Should you convert Canadian Dollars (CAD) now or wait for the exchange rate to improve?

If you think the exchange rate is going to go in your favour have a chat with your currency broker. Most have been providing market timing advice to institutions and hedge funds for years and should be able to provide some guidenece on strategy. Or, if you are worried the rate will move against you it is possible to lock in the current rate for up to a year in advance with a currency forward.

How do I know what the Canadian Dollar (CAD) exchange rate commission is?

These are included in the exchange rate and are always fixed and transparent. Our exchange rates are always a fixed percentage from the live mid-market.

If you want to know how much the fees will be just ask and we’ll provide a clear breakdown. Read our guide on how to compare exchange rates, which also explains what the fees are and how to calculate them.

Will I really get the best Canadian Dollar (CAD) exchange rate?

Yes but you'll have to put a bit of effort it. If you are already using your bank or another currency broker send us a recent transaction and we will send you back a breakdown of exactly how much they are charging you in hidden fees and how our approach to fixed and transparent exchange rates will result in you getting the best Canadian Dollar (CAD) exchange rate.

Why buy Canadian Dollars (CAD) through a currency broker?

  • Compare the cheapest bank beating currency exchange rates
  • Expert help and advice to reduce your risk and exposure
  • Dedicated account managers every step of the way
  • Convert funds online and platform access 24/7
  • Same day and forward currency exchange contracts
  • Zero service charge, commission or transfer fees
  • Transfer money direct to single or multiple beneficiary accounts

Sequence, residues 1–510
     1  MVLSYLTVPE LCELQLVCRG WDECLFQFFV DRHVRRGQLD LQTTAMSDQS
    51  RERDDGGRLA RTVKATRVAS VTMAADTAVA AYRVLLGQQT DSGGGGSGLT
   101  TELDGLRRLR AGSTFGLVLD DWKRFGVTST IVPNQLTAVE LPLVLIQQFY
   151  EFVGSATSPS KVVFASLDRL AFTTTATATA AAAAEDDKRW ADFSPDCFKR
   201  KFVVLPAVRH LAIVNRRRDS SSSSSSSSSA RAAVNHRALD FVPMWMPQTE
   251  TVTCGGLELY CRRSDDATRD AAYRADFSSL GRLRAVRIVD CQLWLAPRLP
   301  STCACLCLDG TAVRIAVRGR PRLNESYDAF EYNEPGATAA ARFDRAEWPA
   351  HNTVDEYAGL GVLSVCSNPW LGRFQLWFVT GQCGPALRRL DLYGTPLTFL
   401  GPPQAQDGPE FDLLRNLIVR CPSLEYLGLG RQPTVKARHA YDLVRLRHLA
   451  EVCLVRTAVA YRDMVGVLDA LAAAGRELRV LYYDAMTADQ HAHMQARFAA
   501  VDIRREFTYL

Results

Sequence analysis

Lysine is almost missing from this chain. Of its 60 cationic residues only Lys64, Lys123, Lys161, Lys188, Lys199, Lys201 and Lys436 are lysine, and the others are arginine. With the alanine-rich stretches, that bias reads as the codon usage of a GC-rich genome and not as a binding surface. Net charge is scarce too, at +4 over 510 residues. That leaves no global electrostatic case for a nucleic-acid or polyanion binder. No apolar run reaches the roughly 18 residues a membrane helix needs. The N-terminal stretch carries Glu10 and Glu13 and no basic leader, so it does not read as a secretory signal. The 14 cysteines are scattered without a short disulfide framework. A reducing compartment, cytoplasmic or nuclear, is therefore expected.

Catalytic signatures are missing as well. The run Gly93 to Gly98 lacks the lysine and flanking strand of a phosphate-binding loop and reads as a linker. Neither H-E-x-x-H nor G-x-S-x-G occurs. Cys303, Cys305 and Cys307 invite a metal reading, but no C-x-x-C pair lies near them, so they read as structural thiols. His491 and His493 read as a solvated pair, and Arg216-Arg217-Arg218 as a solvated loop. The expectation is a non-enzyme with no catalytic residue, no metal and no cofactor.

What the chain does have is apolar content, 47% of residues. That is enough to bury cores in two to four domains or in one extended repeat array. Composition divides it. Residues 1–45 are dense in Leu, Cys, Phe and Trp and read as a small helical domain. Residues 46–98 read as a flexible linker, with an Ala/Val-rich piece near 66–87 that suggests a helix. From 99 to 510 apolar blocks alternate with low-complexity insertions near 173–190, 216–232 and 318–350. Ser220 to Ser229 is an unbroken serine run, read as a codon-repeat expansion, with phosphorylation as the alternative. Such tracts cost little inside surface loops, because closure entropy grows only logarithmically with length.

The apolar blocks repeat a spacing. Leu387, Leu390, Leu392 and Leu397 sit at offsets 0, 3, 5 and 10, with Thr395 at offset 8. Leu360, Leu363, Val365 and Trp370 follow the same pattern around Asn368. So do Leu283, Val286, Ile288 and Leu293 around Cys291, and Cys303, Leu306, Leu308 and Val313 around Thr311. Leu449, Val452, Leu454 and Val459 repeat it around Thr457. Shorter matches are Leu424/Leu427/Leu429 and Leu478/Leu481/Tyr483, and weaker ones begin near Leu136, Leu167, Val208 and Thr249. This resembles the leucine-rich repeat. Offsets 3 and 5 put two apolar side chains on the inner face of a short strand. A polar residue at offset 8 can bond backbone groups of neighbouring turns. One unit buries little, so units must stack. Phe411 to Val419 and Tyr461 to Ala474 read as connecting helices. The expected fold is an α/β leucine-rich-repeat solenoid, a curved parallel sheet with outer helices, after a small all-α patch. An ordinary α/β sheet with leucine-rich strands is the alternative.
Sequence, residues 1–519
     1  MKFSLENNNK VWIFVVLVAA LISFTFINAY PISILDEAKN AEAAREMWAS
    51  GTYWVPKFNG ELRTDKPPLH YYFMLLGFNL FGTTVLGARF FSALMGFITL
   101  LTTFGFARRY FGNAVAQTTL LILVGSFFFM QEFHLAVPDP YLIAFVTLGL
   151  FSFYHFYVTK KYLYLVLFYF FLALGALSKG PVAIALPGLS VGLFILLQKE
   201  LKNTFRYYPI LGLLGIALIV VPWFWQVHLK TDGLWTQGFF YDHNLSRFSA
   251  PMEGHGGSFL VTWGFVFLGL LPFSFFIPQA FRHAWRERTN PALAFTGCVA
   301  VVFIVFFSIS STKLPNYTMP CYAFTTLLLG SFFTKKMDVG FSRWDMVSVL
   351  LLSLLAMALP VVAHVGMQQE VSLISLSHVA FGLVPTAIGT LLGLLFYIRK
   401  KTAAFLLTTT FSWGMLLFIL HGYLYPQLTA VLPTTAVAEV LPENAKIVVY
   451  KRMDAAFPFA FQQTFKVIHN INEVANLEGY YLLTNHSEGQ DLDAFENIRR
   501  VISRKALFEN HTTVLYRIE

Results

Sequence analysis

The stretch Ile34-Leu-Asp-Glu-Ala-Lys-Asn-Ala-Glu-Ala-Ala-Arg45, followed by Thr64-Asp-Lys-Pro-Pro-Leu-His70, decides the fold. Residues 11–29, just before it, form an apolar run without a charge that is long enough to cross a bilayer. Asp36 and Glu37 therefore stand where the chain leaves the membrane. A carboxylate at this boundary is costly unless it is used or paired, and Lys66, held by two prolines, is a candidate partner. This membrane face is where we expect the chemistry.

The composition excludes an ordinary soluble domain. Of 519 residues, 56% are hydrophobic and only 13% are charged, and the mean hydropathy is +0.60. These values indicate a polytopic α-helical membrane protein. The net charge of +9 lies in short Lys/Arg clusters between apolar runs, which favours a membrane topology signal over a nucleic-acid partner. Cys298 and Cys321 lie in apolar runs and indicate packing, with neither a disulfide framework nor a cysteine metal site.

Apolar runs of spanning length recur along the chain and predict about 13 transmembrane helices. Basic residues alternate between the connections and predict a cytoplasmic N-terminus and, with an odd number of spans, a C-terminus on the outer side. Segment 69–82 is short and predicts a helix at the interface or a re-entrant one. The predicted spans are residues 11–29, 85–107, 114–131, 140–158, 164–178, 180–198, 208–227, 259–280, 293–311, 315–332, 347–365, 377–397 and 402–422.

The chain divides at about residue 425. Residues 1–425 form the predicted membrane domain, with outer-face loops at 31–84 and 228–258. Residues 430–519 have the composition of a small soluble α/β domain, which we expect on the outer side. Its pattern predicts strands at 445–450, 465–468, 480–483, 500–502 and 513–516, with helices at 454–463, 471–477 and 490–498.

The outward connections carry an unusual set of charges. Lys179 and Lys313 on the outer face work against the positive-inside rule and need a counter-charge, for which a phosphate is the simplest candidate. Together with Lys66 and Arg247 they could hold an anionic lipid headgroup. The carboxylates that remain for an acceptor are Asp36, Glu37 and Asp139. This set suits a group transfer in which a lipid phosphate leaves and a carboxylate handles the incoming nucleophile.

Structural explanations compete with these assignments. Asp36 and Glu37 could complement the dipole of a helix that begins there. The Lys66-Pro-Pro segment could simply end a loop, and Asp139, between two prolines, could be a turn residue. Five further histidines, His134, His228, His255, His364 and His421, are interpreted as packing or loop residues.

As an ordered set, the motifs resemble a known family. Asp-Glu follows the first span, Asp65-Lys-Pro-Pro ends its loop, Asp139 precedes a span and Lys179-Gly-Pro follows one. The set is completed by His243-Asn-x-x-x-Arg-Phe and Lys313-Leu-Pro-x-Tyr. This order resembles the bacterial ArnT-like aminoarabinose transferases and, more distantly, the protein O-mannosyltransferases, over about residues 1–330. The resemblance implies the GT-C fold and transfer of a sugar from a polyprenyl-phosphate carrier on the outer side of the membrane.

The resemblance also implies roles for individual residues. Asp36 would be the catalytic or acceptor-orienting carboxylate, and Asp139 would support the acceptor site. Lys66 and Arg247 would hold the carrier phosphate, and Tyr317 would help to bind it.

Check you are getting the best Best Canadian Dollar (CAD) Exchange Rate

You can use the below table of Best Canadian Dollar (CAD) exchange rates against other G10 currencies to check what fees you would pay and what foreign exchange you would receive from currency conversion.

Live Best Canadian Dollar (CAD) exchange rates versus other major currencies

CurrencyMid Rate10,000 AUDIf Fees 0.25%If Fees 0.5%If Fees 1%
Euro (EUR)0.63636,363.276,347.366,331.456,299.64
Canadian dollar (CAD)0.93689,368.209,344.789,321.369,274.52
Japanese yen (JPY)84.5116845,115.70843,002.91840,890.12836,664.54
New Zealand dollar (NZD)1.081510,814.5610,787.5310,760.4910,706.42
Norwegian krone (NOK)6.419364,193.3864,032.9063,872.4163,551.45
United Kingdom Pound sterling (GBP)0.54645,463.765,450.105,436.445,409.12
Swedish krona (SEK)6.406064,060.1163,899.9663,739.8163,419.51
Swiss franc (CHF)0.69246,924.096,906.786,889.476,854.85
United States dollar (USD)0.77087,708.007,688.737,669.467,630.92

The table displays the live exchange rates display that you would receive from a conversion of 10,000 Best Canadian Dollar (CAD) into other major currencies based on the below:

  • Mid-market price (the price at which banks exchange money)
  • If fees were 0.25% (we would consider this a cheap mark up)
  • If fees were 0.5% (we would consider this an average mark up)
  • If fees were 1% (we would consider this an expensive mark-up)

To manually calculate what mark-up a currency broker has charged you please use our historic mark-up calculator.